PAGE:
Tuesday, November 18, 2008

Is Sarah Palin front-runner in Iowa in 2012

While being careful to tell us up front that he thinks the premise of the question is more than a bit shaky, Republican David Oman, a key figure in the last two GOP gubernatorial administrations in Iowa, says Sarah Palin has the makings of a presidential front-runner in the Iowa caucuses in 2012.

"The retail nature of caucus politics would play to one of Governor Palin's strength - an energetic personality," he says.

There is speculation that the Alaska governor and 2008 GOP vice presidential candidate - who distanced herself from McCain in some areas - is well-positioned for Iowa in 2012.

Whether she would make a competent president is a different thing altogether - and a seriously debatable point in 2008.

The fact remains that in the universe of Republicans, she is the only star with any true shine - although a meteoric rise from another little-known candidate can't be ruled out over the next few years. And depending on economic fortunes, Iowa Republicans, who for months flirted with Mitt Romney, may be ready for a known candidate with some burnished business credentials.

Of all the candidates in the scrum for 2012 (assuming John McCain loses) Palin would have the most appeal with the people that matter in the Iowa caucuses.

She has all the assets that can't be taught - the charisma (at least the sort that appeals to the Christian right) and stump-speaking skills.

Iowa is a state of small towns, and people in these communities increasingly see divisions based in rural-urban terms more than anything as modernity is literally swallowing once-thriving farm towns.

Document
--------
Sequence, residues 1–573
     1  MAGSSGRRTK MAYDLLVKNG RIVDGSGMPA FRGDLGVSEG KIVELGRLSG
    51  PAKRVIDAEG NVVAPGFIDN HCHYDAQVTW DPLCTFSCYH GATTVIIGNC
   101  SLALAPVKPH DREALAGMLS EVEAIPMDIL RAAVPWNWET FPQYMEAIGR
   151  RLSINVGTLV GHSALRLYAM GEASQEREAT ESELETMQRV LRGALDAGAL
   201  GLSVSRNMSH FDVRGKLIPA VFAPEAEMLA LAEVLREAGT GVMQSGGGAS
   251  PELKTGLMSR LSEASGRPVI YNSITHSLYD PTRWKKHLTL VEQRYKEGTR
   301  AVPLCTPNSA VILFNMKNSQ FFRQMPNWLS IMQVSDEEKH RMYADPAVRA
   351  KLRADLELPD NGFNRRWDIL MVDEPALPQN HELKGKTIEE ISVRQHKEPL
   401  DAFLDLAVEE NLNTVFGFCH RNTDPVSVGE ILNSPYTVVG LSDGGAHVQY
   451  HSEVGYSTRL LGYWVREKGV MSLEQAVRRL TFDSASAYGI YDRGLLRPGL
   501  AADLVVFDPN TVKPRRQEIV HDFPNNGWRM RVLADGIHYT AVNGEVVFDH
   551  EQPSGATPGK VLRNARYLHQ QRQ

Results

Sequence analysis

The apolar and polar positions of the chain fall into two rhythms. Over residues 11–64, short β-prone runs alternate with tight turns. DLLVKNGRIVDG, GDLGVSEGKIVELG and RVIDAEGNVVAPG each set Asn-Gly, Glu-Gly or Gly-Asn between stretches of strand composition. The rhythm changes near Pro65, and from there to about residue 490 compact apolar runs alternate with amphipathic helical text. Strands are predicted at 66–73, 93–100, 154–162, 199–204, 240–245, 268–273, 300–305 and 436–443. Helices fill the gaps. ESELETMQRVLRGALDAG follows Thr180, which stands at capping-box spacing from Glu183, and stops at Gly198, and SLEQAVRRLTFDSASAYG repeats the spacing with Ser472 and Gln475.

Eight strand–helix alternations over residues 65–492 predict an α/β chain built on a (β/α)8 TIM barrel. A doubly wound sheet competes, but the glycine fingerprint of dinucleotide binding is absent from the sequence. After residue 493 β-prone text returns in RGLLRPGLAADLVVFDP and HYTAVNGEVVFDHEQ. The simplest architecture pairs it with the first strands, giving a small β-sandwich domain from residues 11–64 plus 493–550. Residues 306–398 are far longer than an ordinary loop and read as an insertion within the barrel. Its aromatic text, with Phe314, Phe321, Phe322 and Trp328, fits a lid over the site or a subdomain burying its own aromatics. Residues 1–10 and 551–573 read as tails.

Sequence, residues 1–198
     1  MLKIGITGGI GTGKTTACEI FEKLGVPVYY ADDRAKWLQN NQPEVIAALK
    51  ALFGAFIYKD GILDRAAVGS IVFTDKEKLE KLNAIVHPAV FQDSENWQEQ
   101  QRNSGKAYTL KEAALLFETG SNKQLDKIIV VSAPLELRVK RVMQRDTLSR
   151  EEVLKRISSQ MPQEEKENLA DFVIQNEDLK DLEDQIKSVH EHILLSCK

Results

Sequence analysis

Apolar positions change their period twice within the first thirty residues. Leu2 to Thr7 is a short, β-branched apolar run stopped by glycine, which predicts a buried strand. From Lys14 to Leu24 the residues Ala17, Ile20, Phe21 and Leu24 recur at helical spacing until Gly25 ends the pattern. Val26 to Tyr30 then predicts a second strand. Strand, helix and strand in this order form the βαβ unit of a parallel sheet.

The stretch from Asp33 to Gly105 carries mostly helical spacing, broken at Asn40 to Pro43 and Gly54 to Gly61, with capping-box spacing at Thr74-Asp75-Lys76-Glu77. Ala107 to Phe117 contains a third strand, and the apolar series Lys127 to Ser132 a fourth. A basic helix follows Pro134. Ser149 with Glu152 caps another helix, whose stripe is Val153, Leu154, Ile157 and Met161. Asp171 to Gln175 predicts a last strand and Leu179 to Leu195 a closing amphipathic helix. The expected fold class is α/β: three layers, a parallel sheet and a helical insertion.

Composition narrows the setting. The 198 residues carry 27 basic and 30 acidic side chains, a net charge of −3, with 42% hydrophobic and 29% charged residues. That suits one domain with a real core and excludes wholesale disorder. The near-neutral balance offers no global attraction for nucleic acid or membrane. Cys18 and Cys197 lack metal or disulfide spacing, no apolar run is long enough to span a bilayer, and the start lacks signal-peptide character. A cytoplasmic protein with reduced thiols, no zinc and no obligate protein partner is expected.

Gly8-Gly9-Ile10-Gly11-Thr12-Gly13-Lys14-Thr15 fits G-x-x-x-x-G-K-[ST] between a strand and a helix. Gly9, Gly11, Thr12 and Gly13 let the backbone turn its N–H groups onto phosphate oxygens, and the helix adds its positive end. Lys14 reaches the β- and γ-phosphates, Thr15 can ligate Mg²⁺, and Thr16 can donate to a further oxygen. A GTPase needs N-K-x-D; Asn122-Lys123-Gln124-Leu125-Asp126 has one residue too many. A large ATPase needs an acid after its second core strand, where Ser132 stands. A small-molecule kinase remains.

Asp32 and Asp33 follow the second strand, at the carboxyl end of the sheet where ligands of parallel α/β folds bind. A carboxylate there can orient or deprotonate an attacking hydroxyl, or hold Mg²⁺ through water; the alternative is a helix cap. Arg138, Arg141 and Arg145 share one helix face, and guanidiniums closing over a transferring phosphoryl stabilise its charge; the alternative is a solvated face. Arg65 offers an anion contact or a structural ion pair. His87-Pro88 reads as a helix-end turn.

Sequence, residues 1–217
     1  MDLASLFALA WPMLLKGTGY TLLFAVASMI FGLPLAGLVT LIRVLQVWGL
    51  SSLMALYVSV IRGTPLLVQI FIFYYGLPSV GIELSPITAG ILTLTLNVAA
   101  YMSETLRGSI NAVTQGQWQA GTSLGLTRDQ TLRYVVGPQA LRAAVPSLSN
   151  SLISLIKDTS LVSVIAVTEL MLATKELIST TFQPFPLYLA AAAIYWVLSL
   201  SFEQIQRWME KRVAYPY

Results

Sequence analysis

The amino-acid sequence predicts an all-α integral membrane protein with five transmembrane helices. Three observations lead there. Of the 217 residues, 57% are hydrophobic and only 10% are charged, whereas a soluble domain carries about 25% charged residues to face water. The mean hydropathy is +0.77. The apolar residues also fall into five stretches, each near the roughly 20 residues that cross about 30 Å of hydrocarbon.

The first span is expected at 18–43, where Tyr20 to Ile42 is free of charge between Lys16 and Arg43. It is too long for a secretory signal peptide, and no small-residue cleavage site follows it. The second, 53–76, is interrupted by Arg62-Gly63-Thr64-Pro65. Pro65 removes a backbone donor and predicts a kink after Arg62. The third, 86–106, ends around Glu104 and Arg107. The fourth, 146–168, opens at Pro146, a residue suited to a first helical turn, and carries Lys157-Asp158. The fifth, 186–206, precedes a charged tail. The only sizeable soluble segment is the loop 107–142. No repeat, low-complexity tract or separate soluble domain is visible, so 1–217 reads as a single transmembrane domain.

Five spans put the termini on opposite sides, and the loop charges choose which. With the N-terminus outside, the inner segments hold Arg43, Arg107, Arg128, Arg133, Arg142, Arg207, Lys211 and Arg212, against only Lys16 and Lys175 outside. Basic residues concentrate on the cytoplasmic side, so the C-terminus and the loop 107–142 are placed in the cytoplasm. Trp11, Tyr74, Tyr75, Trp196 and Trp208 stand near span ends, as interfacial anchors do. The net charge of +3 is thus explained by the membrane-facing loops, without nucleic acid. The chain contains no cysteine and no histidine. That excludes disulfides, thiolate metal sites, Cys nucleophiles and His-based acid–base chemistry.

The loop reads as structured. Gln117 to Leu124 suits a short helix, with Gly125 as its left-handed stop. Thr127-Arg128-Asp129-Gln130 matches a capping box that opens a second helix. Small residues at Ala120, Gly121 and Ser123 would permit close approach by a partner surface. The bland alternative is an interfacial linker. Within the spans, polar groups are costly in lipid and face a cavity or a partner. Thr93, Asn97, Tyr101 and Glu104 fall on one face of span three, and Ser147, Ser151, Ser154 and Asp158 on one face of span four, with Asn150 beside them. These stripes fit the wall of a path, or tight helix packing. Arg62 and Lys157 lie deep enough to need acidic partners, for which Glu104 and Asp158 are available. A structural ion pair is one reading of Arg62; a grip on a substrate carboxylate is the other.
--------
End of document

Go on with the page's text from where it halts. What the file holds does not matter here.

Her small-towns-folks-are-better-Americans speech is a brilliant appetizer for Iowa 2012. Palin speaks to a key population (in terms of voting) of small towns in the same way Barack Obama appeals to certain constituencies - including rural folk (as the Iowa caucuses proved).

Moreover, the life of Iowa communities is the family. The Hawkeye State, and in particular its rural parts, is not a friendly places for single people - unless they are widowed in nursing homes. Palin's appeal to those who want to see their candidates as they would like to see themselves - with kids and family in full bloom - is unrivaled. Keep this in mind: Iowa is a state in which many families own more than one crockpot. It doesn't get more family values than crockpots.

Additionally, Palin's punched the victim card. One doesn't need clairvoyance to hear her speeches in Le Mars, Iowa, on a fall night in 2011. I'm guessing it might sound something like this:

"Well, the New York Times and their liberal friends may not like this mom, but the last time I checked those elites are too busy blogging and jumping from one failed relationship to another to have any kids of their own. Are we going to allow the coastal elites who stopped having kids to run the nation? We small-town moms should decide the future because we're the only ones who will have kids in the future."

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